Ideas for Flowers of Cheer & Winter-time Gardening

Mary Ellen Banks
Adams County Master Gardener

It's that time of year when family or friends may be hospitalized, in a care center, or homebound, and you would like to bring them a flower or plant to brighten their surroundings. A wonderful and thoughtful plan to give a special someone a burst of color or a fragrant bouquet may need some careful planning by the giver in the wintery depths of January and February.

It is also the time of year when dry indoor air may wreak havoc with any living thing, and keeping a plant near or on a window sill can be too cold for the health and longevity of many live arrangements. Couple all that with the ability of the recipient to care for a plant, or the expectation that the staff at a health care facility can find time to address the needs of a languishing floral arrangement or dish garden, you need to consider what other options might exist to provide a bit of blossoming cheer.

One idea may be to send an artificial or silk flower arrangement to your intended recipient. Many choices exist at a florist for this kind of display. The florist's availability to have favorite artificial flowers and colors in stock may increase your selection for sending something you know will please. If you are fortunate enough yourself to have a crafty bent, you could of course make up your own uniquely designed floral display that comes with the added advantage that your friend or relative knows it was made for them with that extra ingredient: Love!

Another horticultural themed gift to deliver to someone who needs a boost, would be a wall hanging or tapestry that could be displayed in their room, and easily seen from the bed or a favorite chair. The range of flowers, garden views, or landscapes you could select certainly expand the choices you can make that will reflect and demonstrate a unique relationship you have with the person receiving your gift. You might choose an image of a place you've enjoyed together, a destination you know the person yearns to go, or a lovely picture of a simple, exotic, or unusual tree, shrub, or flower. For another idea, your own treasure throve of garden photos on your computer, cell phone, or camera could yield a picture to be printed, put in a garden-themed frame, and then be displayed on the bedside table of someone who is unable to navigate much beyond that spot for the present time. Your imagination has no limits in providing such individualized gifts.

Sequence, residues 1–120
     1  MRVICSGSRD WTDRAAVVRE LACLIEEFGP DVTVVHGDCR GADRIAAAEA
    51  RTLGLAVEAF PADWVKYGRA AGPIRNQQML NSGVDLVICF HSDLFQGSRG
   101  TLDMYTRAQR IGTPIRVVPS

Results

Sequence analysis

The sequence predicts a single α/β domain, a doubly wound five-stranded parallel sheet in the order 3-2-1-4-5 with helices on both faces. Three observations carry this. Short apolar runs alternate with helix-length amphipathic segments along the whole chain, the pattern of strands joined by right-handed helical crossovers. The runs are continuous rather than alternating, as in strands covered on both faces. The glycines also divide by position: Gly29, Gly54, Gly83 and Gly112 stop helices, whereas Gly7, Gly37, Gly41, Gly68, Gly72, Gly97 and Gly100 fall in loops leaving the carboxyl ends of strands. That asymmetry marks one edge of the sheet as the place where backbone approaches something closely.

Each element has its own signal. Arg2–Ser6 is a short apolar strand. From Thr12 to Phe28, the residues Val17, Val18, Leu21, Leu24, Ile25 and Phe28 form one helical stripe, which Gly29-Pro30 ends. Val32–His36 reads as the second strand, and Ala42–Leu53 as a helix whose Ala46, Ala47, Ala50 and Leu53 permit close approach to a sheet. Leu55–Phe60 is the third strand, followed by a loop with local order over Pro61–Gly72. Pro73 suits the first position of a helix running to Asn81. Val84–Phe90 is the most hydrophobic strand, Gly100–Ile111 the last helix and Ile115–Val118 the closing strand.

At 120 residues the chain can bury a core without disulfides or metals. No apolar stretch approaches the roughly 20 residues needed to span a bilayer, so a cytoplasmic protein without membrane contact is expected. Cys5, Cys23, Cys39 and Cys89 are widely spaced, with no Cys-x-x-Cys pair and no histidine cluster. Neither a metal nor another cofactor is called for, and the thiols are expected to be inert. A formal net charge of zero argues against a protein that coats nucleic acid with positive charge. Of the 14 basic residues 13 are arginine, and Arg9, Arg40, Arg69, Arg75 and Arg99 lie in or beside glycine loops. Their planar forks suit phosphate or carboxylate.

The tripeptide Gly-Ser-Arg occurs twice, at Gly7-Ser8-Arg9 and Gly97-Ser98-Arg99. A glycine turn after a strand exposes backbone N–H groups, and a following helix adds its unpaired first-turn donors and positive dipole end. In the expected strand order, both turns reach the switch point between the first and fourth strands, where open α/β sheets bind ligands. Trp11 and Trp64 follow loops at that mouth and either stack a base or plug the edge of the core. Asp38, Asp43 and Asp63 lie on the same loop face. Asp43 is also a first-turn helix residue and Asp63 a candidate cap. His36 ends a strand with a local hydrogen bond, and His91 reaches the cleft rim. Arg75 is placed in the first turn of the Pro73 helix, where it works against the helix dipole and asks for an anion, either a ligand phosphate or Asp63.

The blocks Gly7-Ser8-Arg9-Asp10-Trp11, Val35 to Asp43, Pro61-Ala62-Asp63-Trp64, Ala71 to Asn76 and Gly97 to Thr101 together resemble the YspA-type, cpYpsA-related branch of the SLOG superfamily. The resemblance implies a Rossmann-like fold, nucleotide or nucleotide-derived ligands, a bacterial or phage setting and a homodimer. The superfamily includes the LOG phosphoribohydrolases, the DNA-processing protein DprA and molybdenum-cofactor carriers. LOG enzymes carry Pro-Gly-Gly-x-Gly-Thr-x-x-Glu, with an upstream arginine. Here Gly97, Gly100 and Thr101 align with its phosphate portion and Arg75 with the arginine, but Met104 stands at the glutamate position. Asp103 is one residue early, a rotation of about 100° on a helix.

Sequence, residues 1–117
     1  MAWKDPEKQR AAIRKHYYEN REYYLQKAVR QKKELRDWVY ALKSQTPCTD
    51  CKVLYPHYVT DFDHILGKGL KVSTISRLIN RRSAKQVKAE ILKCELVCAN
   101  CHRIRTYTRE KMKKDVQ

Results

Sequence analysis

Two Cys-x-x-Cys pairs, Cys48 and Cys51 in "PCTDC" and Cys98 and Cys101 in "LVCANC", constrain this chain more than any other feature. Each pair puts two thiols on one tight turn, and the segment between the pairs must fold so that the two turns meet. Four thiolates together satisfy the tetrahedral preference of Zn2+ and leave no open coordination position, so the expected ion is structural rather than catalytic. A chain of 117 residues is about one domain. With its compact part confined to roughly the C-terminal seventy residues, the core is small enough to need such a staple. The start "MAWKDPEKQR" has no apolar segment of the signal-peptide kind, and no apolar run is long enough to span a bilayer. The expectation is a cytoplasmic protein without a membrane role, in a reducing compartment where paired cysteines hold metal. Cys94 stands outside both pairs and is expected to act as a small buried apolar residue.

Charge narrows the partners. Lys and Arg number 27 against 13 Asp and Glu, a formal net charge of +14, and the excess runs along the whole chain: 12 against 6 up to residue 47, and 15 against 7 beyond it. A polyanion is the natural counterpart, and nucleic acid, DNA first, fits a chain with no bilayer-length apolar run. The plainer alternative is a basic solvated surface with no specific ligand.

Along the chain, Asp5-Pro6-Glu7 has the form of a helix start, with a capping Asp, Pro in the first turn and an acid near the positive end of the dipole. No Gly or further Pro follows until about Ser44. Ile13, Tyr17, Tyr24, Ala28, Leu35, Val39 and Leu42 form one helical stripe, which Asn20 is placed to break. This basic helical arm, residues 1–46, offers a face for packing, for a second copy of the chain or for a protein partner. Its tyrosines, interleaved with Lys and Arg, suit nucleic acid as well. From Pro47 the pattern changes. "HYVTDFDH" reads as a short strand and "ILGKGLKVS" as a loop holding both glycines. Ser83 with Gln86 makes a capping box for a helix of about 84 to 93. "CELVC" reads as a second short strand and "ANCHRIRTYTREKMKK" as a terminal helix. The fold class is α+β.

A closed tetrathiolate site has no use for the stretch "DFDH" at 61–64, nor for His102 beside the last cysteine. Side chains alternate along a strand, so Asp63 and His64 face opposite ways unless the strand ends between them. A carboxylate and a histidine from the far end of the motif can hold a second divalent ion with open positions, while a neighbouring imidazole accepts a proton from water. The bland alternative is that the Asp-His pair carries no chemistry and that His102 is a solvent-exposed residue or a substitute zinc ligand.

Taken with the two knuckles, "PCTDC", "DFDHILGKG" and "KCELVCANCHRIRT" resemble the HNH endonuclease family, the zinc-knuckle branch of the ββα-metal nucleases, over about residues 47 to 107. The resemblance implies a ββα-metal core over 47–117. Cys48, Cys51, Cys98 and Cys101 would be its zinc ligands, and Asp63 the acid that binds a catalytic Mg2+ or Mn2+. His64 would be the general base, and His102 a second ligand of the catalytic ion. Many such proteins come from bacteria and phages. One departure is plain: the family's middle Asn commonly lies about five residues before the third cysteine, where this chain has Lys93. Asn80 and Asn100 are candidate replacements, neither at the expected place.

If you have an enduring fondness for a particular relative or friend who is temporarily away from their usual environment, you might consider offering to care for their plants at their house until they return home. If you have even only a little green thumb, your assistance in giving the plants which are ?home alone? some TLC, might provide a sense of relief to a person who worries about the fate of their collection of indoor plants and special specimens. Making sure the indoor temperature is adequate and watering as appropriate may not seem like much, but it certainly is a big step in making sure your friend or auntie doesn't come home to a bevy of dead plants.

Mentioned above is the fact that plant care is not on the job description of personnel at a hospital, nursing home, or skilled nursing or rehabilitation center. Even if you do not have someone you know in such a facility, you can volunteer your gardening skills at this time of year when your garden is frozen and covered with ice or snow. Literally, any care facility would eagerly welcome a volunteer willing to go from room to room offering to refresh and care for the plants and flowers residents have had sent to them. You would need little in the way of supplies beyond scissors, a small watering can, and a plastic bag-lined trash container. It doesn't take much time to dispose of dead materials in a bouquet, change the water in the vase, and re-arrange what flowers remain. Dish gardens usually only need to have browned or dried leaves clipped out, and to check to see if they require water. Some arrangements simply need to be thrown away, or you could take the vegetative matter home to be composted. Your efforts would be greatly appreciated, and you just might come home feeling better than anyone you helped, because you were able to garden, even in winter.

Read other winter related gardening articles

Read other articles by Mary Ellen Banks